An effort to curtail the plummeting population of snow crabs in Alaska will mean hundreds of crabbers could be sidelined for at least a year as state and federal agencies work to understand what is behind the dramatic decrease.
The Alaska Department of Fish and Game announced Monday that the Bering Sea snow crab season will remain closed through the spring of 2023.
The season was expected to kick off in just days, but a survey by the National Oceanic and Atmospheric Administration Fisheries found a lack of adult crabs available for harvest.
"We use those numbers in an assessment model that get plugged into harvest strategy that annually determines the amount of crowd that can get harvested," Miranda Westphal, a biologist with Alaska’s Department of Fish and Game, said.
NOAA surveys are conducted each year to help guide managing organizations with restrictions and limitations put on species during the fishing and hunting seasons.
Westphal said getting to the bottom of the rapid decline is researchers’ top task right now, and they’ll determine what degree the climate is playing a role.
"In 2018 and 2019, the Bering Sea saw record high temperatures. And snow crabs are an Arctic species, so they are really only able to inhabit the Bering Sea because we have a lot of northerly winds push Arctic water down into the Bering Sea shelf," Westphal said.
Biologists theorize that reduced cold water pockets likely led to the crabs congregating in limited real estate, which put stress on their ecosystem.
"Their metabolic demands were increased because they were in warmer water and many likely starved to death. They were also likely impacted by predators and disease," Westphal said.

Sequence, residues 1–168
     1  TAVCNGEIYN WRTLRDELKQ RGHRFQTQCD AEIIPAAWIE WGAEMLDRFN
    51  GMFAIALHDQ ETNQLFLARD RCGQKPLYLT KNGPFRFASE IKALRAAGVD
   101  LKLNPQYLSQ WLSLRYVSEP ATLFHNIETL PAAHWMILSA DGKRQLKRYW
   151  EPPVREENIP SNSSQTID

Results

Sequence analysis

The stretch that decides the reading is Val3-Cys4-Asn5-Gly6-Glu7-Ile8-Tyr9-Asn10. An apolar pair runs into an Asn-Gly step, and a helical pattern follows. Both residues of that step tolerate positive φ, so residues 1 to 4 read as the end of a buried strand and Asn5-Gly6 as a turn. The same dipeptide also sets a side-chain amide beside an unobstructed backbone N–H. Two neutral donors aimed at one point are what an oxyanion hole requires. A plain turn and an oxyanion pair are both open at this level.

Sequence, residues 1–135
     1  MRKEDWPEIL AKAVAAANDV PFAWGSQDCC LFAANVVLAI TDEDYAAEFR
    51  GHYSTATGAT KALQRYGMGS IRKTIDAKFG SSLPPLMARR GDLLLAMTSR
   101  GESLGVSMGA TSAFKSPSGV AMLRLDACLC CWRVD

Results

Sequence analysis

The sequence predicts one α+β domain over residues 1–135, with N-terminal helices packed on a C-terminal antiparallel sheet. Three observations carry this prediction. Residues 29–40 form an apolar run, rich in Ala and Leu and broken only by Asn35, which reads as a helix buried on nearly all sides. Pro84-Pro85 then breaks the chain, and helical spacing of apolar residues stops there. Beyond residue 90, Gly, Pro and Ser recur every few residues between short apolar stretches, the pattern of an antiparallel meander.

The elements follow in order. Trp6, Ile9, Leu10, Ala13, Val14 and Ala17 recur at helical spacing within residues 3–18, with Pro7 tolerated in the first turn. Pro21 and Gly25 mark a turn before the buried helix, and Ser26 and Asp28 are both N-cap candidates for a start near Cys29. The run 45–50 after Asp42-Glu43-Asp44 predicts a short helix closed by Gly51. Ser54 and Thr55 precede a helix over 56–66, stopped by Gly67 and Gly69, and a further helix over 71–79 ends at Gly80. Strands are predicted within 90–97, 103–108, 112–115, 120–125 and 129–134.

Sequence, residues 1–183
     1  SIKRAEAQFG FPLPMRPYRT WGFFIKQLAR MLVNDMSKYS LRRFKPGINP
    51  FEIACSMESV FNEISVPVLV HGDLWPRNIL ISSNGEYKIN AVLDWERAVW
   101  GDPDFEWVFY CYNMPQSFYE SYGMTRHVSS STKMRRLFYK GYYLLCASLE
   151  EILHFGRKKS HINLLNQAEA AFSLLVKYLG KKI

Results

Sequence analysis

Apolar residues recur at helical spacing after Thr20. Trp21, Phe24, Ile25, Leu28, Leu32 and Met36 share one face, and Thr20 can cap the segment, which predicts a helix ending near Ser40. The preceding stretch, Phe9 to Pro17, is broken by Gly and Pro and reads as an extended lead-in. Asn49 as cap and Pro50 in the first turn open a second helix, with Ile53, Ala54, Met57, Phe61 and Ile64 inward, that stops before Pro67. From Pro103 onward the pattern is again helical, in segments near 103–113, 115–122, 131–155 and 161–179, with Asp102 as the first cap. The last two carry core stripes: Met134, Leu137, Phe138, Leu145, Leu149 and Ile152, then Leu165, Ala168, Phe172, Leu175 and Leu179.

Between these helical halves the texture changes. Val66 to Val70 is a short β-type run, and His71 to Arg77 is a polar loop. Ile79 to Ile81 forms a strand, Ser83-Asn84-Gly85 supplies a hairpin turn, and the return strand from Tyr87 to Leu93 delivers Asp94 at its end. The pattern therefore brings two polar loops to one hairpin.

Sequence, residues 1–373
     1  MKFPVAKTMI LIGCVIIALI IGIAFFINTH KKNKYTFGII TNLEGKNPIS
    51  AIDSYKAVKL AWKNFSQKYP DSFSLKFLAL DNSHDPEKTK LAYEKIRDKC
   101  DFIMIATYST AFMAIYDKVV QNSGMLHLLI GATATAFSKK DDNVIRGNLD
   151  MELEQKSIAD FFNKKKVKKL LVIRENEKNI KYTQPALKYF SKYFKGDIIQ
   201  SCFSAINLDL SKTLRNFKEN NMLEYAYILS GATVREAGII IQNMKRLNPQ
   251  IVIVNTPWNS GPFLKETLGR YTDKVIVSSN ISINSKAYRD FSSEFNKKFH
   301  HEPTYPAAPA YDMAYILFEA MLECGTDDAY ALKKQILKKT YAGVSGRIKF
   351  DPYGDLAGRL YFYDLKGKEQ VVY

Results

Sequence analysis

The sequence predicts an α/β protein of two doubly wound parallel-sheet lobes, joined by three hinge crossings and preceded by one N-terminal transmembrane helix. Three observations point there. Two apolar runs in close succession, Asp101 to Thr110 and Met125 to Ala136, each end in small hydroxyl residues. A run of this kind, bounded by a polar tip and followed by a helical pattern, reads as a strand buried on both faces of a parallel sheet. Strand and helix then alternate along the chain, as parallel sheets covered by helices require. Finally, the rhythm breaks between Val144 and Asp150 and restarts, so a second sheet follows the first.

The shutdown will likely impact costs of the succulent seafood; however, countries such as Canada, Russia and Japan will likely pick up for shortfalls with supply.
NOAA reported U.S. crabbers caught around 36 million pounds of the crustaceans in 2020, which was valued at more than $101.7 million.
Aside from the harvesting restrictions, biologists believe there is little that can be done in the short term to help the snow crab population.
"We’ve caught it in time, and we believe that there is enough crab out there to do what they need to do to build the population back up," Westphal said.
A natural recovery could take a while, Westphal estimated a juvenile crab usually takes about seven or eight years before it is counted in the population that can be harvested.
The crabbing industry believes many members of the Alaskan fleet will face bankruptcy, and overall losses could total over $1 billion.
"What the crab industry is facing is heartbreaking, and what’s worse is that it is unnecessary. It didn’t have to be this way," Jamie Goen, executive director of the Alaska Bering Sea Crabbers, said in a statement "The crab will eventually bounce back and could do so sooner if the North Pacific Fishery Management Council had taken steps to protect the stock, as requested by the fishermen themselves."